Do I Need One? How Do I Go About It?
By Christopher Freeburn
You're ready to take the plunge. You have a good idea for a new business. You've done the requisite soul-searching and determined that owning your own business is the thing for you. You've spent some time researching the idea and you've figured out where you will locate the business, who your customers will be and what sort of market exists for the business. Now it's time to sit down and create a real business plan.
Benefits of a business plan
There is no understating the value of having a properly written business plan. A business plan helps to clarify the challenges you will face when trying to get your business off the ground. It helps you anticipate problems and obstacles in advance and thus work out solutions before you actually run into trouble. It allows you to make a reasonable estimate of how much money you will need to get things going and to keep them going through the early days. A well-researched plan can give you a handle on how much revenue to expect and how to target your business's promotional efforts.
Business plans are not for your eyes alone, however. If you need to borrow money to get your business started, having a professional looking business plan is crucial. "You want to demonstrate to any potential lender that you are serious about your new business and that you have a good idea of what running it will entail," says Martin Lehman, counselor at the New York chapter of the Service Corps of Retired Professionals (SCORE). By providing potential lenders with a well-drafted business plan that deals honestly with potential expenses and problems and demonstrates that you have done the necessary market research, you greatly improve the chances of landing that loan.
Anatomy of a business plan
In general, most business plans follow a basic format.
Executive summary: The purpose of the executive summary is to define the business-what it does and why you are the best person to run it. The summary should be no more than a few sentences, a paragraph at most. The idea is to convey your business's basic activities as concisely as possible.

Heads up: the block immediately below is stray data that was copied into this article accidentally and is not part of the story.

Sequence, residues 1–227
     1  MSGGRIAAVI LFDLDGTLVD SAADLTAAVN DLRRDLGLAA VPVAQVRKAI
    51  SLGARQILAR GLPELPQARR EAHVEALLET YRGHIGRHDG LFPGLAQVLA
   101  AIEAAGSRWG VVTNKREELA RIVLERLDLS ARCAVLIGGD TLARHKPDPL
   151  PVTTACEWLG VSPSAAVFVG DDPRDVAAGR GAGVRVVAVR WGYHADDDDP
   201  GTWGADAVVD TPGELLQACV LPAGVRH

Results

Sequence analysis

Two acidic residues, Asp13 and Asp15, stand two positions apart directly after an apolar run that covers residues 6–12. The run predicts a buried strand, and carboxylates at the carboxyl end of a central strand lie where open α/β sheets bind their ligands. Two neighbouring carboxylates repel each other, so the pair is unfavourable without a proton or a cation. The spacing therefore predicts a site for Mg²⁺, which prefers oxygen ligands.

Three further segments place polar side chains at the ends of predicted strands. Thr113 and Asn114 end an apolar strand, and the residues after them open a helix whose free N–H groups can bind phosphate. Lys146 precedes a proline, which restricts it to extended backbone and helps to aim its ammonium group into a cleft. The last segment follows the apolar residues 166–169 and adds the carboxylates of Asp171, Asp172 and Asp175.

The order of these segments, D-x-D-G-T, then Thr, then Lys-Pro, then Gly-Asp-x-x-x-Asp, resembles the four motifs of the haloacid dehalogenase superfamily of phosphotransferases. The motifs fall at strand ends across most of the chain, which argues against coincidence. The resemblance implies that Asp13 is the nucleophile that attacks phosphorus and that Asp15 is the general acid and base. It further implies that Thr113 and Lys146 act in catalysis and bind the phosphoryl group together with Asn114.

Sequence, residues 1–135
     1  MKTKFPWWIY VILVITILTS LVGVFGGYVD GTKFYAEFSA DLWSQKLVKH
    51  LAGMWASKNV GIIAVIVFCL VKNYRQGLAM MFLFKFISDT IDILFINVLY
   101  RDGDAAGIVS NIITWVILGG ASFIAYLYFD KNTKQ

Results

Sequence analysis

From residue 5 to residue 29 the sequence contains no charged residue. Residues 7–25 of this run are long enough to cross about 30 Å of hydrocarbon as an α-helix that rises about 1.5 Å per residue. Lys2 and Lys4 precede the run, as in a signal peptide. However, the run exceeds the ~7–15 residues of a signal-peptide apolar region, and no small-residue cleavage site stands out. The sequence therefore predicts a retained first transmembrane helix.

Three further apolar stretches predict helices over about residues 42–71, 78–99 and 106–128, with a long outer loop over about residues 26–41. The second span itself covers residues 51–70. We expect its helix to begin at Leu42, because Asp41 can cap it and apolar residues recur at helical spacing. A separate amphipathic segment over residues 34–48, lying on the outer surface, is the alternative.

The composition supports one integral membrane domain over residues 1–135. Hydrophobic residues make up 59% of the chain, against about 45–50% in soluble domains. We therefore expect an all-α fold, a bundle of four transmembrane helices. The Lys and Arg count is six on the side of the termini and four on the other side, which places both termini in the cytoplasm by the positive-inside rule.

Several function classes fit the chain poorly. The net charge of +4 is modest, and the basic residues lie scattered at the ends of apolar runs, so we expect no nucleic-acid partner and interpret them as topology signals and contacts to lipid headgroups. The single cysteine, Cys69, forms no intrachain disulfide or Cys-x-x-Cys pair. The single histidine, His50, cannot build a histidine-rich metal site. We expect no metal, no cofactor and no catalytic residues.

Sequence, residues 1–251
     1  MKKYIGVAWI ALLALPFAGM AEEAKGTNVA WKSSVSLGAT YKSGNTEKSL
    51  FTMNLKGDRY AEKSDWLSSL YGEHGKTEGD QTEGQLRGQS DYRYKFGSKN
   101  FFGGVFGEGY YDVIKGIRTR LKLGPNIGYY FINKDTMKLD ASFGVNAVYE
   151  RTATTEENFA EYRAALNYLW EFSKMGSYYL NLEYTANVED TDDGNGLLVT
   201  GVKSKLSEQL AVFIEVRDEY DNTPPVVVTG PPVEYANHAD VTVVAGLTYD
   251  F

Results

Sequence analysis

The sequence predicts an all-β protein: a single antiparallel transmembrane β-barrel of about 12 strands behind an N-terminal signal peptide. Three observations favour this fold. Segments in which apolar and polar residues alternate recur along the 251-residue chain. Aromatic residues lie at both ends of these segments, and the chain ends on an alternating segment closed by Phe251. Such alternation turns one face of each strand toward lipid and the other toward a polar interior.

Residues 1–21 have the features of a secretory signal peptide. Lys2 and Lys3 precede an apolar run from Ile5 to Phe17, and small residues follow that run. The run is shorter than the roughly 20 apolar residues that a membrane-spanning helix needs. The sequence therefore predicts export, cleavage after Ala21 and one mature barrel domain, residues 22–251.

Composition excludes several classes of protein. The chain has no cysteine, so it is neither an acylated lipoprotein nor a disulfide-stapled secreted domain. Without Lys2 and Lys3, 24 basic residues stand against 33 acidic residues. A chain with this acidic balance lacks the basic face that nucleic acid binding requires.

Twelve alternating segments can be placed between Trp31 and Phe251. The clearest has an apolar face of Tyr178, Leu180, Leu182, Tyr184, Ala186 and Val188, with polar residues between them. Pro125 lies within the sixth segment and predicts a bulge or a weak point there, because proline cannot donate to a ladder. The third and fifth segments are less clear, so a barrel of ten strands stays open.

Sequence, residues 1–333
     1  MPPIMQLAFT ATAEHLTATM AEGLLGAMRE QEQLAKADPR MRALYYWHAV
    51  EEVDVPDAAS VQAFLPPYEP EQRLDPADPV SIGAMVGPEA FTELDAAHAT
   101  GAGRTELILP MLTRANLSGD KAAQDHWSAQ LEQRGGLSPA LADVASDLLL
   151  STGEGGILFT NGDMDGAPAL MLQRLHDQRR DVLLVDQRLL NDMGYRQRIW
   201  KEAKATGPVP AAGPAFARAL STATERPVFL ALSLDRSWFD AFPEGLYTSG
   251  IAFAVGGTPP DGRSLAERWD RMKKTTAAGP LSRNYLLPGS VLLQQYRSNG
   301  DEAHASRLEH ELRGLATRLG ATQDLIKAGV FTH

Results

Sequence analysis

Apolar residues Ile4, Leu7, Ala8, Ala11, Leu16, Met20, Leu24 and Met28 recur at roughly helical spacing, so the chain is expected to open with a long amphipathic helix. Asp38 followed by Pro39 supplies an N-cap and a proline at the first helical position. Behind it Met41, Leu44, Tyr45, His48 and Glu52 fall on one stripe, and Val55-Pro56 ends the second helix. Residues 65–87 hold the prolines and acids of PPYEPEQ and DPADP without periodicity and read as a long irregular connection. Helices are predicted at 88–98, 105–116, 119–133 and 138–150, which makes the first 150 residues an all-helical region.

Market Research: Follow the executive summary by making a case for the viability of your business in the marketplace you've chosen. Is there enough consumer demand to keep your business going? Are there enough potential customers in the given area in which your business will operate? What are the costs of getting the business started? What sort of revenues can you expect in the first year? What will be the cost of rent, utilities, office supplies, equipment, and materials for your products or services? Are there any competing businesses similar to your own in the same area? How does your business differ from them? Government publications, industry publications, trade groups and local chambers of commerce are excellent sources of demographic and marketplace data that you can use when compiling your research. Be as realistic as possible.
Business Outline: Here you will sketch the anatomy of your business. Identify your management structure, supply chain, and operations. "Be as detailed as you can," advises Lehman. "This is the time to work out fundamental questions about how everything in your business will work." Ask yourself the basic questions. Where will your business be located? Will it be a sole proprietorship, a partnership or a corporation? Who will be the owner? Are there employees? How does it provide products or services to customers? Who are the suppliers? "Iron out ownership and decision making roles ahead of time," advises Lehman. "Who gets the final word on things? If there are other people involved in the business, this is the time to figure that out." If there are partners or employees already in place, make sure that their duties and powers are well defined.
Marketing: The business plan should make clear exactly what you are selling and how you plan to let potential customers know about your business. Detail any advertising plans and their likely cost.
Cash Flow: How much money will your business need to get started? How much revenue can you expect from operations? This is an extremely important part of the business plan, and the one that requires considerable research and attention. Try to estimate, as best you can, exactly how much it will cost to keep things going for the immediate future and how much revenue you think your business can reasonably gain. "This can be really difficult for the first time business owner," Lehman warns, "If you don't have an established track record to draw on, you are going to have to make an educated guess. This is where your market research becomes essential." Lehman says that the biggest mistake new business owners make is being too optimistic with their revenue projections while underestimating costs. "Then they find themselves stuck with higher than expected bills and too few customers and they can't afford to keep things going," he says. It's better to err on the side of pessimism when estimating costs and potential revenues. Potential lenders or investors appreciate a little pessimism in financial projections since it indicates a more realistic outlook on the part of the small business owner.